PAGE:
“Israeli couscous” (in Hebrew פתיתים אפויים ‘baked flakes’), also called “ptitim”, is a pasta product similar to the Italian orzo. In North America, it is considered as a larger version of couscous and is used in slightly different ways. In Western cooking it is often used as a bed for salmon or chicken dishes, or put into salads. One of its purposes was to provide a rice substitute for Mizrahi Jews, for whom rice was the staple grain. Unlike North African couscous, it is not semolina at all, but rather baked wheat.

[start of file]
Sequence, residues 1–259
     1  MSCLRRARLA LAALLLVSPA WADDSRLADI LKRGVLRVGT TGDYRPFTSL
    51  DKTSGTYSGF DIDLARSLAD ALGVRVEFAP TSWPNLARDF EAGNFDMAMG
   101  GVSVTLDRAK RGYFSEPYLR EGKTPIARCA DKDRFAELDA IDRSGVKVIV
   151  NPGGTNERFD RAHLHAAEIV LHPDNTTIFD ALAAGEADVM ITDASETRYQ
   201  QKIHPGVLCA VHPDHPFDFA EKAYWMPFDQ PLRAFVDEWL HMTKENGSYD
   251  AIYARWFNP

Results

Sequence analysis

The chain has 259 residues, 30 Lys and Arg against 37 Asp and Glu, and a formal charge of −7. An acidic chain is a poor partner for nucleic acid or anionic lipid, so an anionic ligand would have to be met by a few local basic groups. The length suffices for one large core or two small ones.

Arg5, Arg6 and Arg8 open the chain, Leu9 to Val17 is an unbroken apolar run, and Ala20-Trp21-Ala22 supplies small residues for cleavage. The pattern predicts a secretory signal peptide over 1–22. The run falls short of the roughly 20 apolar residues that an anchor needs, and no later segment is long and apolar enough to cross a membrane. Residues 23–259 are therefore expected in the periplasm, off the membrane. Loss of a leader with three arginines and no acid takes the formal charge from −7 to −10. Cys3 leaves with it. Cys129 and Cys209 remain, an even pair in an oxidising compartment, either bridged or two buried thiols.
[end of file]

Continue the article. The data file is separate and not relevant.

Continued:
Saute one sm chopped onion in oil. Add 1 c. of Israeli Couscous, stir until browned. Add salt, pepper, chopped parsley and other spices according to taste. Add 2 c. of boiling water or stock. Cover and simmer for 8-10 minutes, stirring occasionally.